3 Things To Consider To Have A Balanced View of the Holidays

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Time and time again, we Christians go into a dispute over how we consider the holidays and everything that goes along with it. So I’ll address three issues here for I consider them as the most common that spills over social media. In this way we can give a balanced view of the holidays and enjoy it for God’s glory.

Ground it with facts and real history.  What does a history lesson got to do in celebrating with the holidays? It is to save faces and our testimony as a Christian that is. Whenever the holiday  comes, there are Christians that have some objections to some holidays. They will post their rant over Facebook for everyone to read. Whether it’s the use of the word Xmas or the practice of having Easter eggs, to the date of December 25, all seems to be a big pagan conspiracy that will keep Christians and unbelievers blinded by Satan. 

Sadly some so-called pagan origins of different holidays and traditions that comes with it are standing on faulty speculations, conspiracies and a whole lot of sensationalism. Although some believers meant it with all honesty, well being honest is not enough, even if your pastor told it . Honesty AND a healthy dose of facts with a well researched history will do the work.  Let’s throw in the hat some logic to add sense and dispel conspiracies. Do you love truth and want to please God? Get the facts straight! 

Have a biblical view of drinking and eating. You cannot separate holidays without sharing a hearty meal with your love ones.  That completes our holiday experience of being together. So how can we have a biblical view of drinking and eating? One common thing to do is to do it for the Lord.

Although the Bible condemns excessive drinking or drunkenness, it doesn’t prohibit drinking in itself. Many will object with this (and get bashed) however the Bible made it clear and we shouldn’t teach what is beyond what is already revealed.  Let us not put our own teachings against those already been instructed in God’s Word. So Christians go ahead drink, if you can handle alcohol and be moderate in drinking.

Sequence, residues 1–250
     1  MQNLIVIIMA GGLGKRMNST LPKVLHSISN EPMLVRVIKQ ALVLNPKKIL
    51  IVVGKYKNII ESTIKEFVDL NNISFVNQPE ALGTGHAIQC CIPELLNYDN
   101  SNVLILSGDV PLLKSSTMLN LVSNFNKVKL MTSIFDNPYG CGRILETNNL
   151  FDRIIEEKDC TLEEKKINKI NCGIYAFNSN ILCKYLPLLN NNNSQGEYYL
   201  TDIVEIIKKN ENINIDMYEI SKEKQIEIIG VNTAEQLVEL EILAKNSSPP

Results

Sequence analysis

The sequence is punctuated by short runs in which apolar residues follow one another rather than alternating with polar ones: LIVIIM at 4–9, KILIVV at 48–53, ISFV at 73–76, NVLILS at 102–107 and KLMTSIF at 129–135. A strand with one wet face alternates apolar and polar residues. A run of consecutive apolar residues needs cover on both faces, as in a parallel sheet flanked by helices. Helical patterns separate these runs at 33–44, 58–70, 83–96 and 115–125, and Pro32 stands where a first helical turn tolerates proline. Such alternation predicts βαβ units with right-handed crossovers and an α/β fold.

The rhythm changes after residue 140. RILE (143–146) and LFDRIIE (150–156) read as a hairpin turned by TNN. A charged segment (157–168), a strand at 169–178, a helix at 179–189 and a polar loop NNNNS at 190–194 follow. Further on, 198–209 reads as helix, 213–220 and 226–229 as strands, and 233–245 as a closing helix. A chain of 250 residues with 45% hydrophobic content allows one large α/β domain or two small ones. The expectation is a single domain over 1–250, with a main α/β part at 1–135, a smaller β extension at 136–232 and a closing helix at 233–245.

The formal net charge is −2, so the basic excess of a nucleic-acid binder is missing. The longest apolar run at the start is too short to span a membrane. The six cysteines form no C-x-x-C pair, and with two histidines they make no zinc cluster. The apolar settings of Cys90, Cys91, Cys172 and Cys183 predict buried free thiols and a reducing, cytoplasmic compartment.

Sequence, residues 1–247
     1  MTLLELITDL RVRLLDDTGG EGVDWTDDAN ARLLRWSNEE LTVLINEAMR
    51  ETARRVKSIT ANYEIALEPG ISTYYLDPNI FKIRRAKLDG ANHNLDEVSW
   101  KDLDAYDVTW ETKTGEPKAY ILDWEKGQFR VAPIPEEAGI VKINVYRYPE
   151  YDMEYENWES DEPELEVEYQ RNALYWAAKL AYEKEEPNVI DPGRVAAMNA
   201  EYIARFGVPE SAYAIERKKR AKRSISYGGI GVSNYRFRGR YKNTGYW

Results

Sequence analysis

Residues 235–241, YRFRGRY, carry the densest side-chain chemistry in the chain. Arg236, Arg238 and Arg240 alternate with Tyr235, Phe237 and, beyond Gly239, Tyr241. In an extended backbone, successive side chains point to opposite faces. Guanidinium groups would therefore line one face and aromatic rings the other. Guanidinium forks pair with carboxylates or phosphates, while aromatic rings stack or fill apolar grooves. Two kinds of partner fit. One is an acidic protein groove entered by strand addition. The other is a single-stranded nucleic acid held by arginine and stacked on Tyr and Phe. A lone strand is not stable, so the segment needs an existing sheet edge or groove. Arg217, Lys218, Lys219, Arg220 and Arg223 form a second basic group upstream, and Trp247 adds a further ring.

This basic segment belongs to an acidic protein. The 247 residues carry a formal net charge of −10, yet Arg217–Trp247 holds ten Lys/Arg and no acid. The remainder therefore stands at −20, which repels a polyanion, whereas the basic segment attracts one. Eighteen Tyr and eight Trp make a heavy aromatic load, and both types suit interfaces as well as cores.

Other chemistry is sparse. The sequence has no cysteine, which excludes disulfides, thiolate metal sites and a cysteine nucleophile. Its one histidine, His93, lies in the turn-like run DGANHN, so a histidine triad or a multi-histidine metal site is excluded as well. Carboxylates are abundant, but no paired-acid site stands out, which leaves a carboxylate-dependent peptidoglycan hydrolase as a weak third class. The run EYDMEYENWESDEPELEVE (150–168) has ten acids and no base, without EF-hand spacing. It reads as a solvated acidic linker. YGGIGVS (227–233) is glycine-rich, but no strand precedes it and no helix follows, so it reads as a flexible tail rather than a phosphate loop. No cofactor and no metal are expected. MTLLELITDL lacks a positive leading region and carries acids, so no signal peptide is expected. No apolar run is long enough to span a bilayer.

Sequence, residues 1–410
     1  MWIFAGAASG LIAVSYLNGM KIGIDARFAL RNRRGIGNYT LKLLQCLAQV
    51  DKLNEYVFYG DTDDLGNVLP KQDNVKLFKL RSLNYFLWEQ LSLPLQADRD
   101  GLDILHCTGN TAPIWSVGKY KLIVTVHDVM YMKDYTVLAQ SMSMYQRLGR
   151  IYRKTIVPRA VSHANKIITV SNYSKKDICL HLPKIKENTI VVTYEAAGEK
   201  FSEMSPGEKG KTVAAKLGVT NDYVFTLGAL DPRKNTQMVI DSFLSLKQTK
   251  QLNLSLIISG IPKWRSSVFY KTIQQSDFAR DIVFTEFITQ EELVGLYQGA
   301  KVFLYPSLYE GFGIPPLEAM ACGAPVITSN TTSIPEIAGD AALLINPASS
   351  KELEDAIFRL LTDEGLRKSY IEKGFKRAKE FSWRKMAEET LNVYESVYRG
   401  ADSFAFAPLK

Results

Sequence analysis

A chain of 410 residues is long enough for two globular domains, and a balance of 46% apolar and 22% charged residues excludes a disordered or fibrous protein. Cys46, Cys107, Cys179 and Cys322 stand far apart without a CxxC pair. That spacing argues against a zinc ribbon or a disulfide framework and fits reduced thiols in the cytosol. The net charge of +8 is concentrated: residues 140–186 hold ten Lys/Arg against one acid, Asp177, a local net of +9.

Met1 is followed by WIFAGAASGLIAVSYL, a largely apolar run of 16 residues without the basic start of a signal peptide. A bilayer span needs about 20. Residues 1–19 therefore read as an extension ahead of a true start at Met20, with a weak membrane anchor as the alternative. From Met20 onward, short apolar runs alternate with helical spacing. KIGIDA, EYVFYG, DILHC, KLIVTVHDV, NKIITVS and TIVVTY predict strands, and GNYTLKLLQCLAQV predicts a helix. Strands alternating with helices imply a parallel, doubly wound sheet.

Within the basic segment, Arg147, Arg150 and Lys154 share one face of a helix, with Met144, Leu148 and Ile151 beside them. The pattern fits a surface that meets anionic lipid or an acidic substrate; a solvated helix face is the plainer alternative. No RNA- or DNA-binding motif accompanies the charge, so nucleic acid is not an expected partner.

Some good Christians I know view drinking as evil, but resorts to eating to make up for not indulging to it. So they turn to eating as a way of consolation over something they consider prohibited by the Bible. Like excessive drinking, excessive eating is prohibited in the Bible. Both falls to the word, gluttony. The Bible declares it sinful. So we should have a moderate way of feasting that will connect us with our family, have fun and glorify God.

It’s an opportunity to get some rest and honor God through it. Although some holidays here in the Philippines are not geared for Christians like fiestas or Ramadan, it is not something for Christians to be guilty of if it feels like those non working holiday are like making us observing those events. Rather drag ourselves to still go to the office (if possible) and seek consolation of having a double pay, we should rest and don’t feel bad about it. It’s beneficial to the physical and spiritual well-being. And God will be honored with your rest. That goes also to churches and ministries that have employees or workers. Don’t let your workers get caught in traffic because of the religious parade just because you don’t want to observe the holiday.

Another thing, churches and ministries should consider not grabbing the opportunity for holding some activities and programs during holidays. Rather that to rest and be with the family as a blessing, churches will likely have an event for believers that could have been set on other time or day. Let us keep in mind in those family gatherings, God might use your members to reach out his loved ones.

I hope this article brought some clarity on what we should do with the holidays. Believers should be reminded that these are not doctrinal errors but a matter of preference that Christians has as freedom to agree or disagree without being legalistic. In these non essential things, may we show grace to one another as Christ showed grace to us sinners. Isn’t that what a popular holiday in December is all about?